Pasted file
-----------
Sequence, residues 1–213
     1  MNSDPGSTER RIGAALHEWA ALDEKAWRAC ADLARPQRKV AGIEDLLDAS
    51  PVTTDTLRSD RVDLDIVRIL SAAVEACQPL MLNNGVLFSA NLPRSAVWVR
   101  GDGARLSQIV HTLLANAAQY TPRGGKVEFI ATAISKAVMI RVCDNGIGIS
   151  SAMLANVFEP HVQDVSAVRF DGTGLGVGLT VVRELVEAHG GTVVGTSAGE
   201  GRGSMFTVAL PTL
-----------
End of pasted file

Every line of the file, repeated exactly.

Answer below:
Sequence, residues 1–213
     1  MNSDPGSTER RIGAALHEWA ALDEKAWRAC ADLARPQRKV AGIEDLLDAS
    51  PVTTDTLRSD RVDLDIVRIL SAAVEACQPL MLNNGVLFSA NLPRSAVWVR
   101  GDGARLSQIV HTLLANAAQY TPRGGKVEFI ATAISKAVMI RVCDNGIGIS
   151  SAMLANVFEP HVQDVSAVRF DGTGLGVGLT VVRELVEAHG GTVVGTSAGE
   201  GRGSMFTVAL PTL